Best of all, there appears to be a shift in Irby’s attitude about fat bodies. In the past, I cringed every time she used the expression “meat beard,” but readers don’t get that here. Instead, Irby points out that despite her anxiety, depression, joint issues, reproductive organ malfunctions, and Crohn’s disease, her doctors only listen to her if she’s lost weight or ask how to lose weight. As an avid pop-culture fan, Irby decides to draw the line on how fat bodies are portrayed:

I can’t watch This is Us because . . . in the first couple of episodes the fat girl doesn’t get to be much more than “fat,” and wow, no thank you! Maybe there are fat people sitting around silently weeping about being fat every minute of every day, but that is a redemptive arc thin people like to see on television, and it’s just not the fucking truth.

And though I had heard of the famous fat-girl pool scene from the Hulu show based on Lindy West’s book Shrill, I hadn’t realized Samantha Irby wrote that episode! An entire essay is dedicated to how she got involved on the show, what it’s like to be a nervous fat person in Los Angeles, and how writing over an extended period of time is not how Irby works. Everything from the desert heat to having an assistant to bring her things intimidates Irby, bringing her past homelessness and having utilities shut off into sharp contrast.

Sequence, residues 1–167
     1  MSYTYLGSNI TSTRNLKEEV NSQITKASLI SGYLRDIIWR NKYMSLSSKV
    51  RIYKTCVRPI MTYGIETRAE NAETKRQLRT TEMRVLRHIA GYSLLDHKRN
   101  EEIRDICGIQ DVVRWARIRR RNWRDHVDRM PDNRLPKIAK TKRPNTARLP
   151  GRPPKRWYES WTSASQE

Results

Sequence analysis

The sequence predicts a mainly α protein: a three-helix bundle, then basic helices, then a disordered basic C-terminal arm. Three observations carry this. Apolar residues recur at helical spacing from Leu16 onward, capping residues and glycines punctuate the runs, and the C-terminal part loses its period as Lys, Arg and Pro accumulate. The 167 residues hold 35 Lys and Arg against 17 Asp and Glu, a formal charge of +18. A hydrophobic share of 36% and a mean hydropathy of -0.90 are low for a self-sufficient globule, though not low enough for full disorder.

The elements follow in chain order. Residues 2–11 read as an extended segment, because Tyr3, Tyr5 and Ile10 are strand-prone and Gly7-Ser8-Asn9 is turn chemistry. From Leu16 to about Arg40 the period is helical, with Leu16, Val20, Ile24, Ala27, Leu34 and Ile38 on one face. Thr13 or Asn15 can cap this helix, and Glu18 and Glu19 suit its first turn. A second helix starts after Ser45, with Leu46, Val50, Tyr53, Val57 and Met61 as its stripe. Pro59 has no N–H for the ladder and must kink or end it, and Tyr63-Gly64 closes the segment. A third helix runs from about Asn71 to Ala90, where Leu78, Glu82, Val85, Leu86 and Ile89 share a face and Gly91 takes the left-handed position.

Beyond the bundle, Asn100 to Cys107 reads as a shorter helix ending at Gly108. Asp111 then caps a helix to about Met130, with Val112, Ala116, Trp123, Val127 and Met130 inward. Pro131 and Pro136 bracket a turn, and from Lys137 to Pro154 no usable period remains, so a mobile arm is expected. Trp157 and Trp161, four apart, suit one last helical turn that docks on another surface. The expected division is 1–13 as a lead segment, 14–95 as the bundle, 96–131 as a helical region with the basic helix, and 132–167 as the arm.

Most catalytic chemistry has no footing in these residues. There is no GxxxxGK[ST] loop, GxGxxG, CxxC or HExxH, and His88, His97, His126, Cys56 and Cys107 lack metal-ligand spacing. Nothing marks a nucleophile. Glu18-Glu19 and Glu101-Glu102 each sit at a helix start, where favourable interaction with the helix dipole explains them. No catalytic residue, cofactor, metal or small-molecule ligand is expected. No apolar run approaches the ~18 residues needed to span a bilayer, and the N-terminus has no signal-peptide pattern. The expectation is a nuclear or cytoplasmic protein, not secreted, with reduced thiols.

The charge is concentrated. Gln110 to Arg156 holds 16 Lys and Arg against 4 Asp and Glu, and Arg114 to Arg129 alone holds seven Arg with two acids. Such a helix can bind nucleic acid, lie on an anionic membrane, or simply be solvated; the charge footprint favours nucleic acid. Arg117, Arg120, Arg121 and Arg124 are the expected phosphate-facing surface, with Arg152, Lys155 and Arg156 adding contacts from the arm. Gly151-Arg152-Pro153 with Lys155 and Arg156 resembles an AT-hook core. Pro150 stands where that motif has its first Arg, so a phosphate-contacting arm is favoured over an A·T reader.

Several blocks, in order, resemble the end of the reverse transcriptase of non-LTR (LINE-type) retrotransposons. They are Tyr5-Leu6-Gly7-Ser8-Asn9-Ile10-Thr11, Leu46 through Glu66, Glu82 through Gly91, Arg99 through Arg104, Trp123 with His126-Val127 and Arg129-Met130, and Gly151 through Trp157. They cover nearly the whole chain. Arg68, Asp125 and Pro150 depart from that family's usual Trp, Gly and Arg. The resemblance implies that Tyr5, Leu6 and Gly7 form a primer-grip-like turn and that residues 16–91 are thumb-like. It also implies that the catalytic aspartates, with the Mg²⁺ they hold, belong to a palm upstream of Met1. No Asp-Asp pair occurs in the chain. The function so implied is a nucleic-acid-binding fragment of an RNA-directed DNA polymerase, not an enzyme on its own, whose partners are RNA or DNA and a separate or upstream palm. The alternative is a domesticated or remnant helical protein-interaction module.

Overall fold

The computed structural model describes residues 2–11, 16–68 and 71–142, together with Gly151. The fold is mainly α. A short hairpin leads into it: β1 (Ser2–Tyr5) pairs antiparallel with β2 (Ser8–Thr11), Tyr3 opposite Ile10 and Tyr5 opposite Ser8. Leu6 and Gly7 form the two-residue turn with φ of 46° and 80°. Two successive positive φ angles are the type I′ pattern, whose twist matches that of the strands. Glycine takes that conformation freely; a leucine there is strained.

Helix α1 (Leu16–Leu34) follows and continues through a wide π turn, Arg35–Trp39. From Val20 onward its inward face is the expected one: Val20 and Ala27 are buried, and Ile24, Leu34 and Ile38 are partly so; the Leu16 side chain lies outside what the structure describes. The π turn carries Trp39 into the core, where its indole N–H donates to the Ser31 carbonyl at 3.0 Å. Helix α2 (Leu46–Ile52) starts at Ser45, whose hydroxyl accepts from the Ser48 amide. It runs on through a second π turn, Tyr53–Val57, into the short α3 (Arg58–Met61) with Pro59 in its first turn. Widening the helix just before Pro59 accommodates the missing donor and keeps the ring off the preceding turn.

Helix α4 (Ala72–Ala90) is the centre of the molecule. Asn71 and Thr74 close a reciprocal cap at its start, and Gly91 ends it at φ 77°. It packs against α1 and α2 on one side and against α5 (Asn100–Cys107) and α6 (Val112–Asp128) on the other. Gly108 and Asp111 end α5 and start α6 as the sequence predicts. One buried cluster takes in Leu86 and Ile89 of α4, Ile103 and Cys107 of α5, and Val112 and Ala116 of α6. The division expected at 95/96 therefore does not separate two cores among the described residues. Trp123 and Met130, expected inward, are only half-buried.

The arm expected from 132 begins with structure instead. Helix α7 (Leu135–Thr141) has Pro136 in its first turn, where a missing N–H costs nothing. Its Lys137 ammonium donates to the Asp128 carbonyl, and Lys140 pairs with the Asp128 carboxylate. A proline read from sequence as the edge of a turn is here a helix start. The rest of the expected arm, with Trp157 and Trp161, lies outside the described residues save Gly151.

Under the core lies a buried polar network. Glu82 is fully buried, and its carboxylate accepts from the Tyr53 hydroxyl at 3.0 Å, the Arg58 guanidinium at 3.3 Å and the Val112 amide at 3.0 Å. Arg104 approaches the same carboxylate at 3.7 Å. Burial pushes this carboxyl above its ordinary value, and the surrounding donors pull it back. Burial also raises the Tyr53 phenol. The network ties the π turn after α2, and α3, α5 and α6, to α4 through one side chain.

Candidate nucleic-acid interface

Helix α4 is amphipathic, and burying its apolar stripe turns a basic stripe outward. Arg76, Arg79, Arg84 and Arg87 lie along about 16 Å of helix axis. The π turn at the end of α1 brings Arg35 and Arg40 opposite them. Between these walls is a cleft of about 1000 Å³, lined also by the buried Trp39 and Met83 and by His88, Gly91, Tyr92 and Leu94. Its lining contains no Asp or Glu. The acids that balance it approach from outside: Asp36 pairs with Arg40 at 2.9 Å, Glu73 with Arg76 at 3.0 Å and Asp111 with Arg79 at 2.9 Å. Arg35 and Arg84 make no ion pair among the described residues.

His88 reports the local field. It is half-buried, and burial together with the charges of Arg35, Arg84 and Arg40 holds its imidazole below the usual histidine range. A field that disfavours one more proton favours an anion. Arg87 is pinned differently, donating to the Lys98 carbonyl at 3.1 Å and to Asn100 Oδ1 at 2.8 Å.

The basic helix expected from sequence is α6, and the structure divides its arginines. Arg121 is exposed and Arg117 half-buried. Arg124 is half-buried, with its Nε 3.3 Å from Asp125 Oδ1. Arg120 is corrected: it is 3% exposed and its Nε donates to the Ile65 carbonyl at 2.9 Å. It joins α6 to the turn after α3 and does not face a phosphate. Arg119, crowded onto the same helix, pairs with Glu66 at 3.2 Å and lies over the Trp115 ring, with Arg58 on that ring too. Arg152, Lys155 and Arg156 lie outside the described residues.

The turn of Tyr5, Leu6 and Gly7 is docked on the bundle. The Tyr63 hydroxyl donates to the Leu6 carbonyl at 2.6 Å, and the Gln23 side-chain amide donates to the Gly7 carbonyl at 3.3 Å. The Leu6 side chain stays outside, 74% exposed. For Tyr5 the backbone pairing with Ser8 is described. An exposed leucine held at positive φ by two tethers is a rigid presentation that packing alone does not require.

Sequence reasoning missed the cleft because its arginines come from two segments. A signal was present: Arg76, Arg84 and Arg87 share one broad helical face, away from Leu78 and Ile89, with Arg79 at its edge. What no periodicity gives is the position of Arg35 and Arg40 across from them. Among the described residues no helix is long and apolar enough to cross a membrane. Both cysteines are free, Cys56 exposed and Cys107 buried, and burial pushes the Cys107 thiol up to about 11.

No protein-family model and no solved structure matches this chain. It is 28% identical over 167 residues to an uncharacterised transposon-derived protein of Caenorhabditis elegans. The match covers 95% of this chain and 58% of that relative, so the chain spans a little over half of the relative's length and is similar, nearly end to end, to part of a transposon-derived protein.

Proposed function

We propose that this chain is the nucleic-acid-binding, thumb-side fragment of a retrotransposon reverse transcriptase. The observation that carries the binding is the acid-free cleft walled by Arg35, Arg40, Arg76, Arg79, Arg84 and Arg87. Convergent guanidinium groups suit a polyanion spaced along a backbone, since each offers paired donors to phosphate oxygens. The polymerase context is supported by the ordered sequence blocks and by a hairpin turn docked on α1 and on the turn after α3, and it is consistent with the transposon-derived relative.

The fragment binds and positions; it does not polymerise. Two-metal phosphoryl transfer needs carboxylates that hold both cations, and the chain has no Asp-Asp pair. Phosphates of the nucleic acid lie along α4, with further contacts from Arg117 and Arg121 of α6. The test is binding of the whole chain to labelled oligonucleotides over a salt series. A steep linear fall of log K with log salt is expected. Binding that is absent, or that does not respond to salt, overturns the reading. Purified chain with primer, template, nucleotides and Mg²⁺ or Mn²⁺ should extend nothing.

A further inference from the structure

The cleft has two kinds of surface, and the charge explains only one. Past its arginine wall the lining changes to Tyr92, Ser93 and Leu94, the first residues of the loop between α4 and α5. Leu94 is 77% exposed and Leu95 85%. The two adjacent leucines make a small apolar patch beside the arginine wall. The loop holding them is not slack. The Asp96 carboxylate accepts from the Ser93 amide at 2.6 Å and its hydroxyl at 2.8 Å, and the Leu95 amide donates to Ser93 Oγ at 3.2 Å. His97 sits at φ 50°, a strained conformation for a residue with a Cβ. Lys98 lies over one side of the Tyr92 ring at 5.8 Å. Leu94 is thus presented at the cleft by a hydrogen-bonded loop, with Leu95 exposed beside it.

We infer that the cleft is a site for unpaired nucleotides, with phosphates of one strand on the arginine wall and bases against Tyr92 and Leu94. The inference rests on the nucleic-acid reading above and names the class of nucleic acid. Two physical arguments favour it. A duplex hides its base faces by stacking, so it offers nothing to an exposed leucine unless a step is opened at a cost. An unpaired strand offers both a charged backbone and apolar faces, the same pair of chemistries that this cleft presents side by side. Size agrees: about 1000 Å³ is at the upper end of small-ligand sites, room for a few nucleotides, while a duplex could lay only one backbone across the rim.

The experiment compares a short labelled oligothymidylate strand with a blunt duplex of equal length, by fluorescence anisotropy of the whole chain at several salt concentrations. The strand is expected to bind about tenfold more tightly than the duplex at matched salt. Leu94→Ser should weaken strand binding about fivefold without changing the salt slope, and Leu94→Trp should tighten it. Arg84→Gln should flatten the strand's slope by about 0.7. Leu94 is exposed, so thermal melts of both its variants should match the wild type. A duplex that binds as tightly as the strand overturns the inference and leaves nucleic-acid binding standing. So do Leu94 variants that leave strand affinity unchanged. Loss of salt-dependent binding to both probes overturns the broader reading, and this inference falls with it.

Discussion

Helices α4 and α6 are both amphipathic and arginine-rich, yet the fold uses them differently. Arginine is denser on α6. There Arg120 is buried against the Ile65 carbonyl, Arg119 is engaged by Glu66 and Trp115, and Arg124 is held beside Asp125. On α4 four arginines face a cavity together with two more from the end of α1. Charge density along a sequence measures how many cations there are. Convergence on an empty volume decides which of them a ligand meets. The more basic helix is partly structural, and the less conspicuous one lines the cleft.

Though Wow, No Thank You lacks the deeper sad moments from her previous books, this latest installment is still a winner to bring you out of your pandemic funk.

27 comments

  1. “a man in a movie theater said he would shoot her if she texted during the film. Yes, Kalamazoo is liberal”. You in the Mid-West apparently have a different idea of the word liberal to the one(s) I’m used to, but then Australia’s restrictive gun laws were introduced by one of our most conservative prime ministers.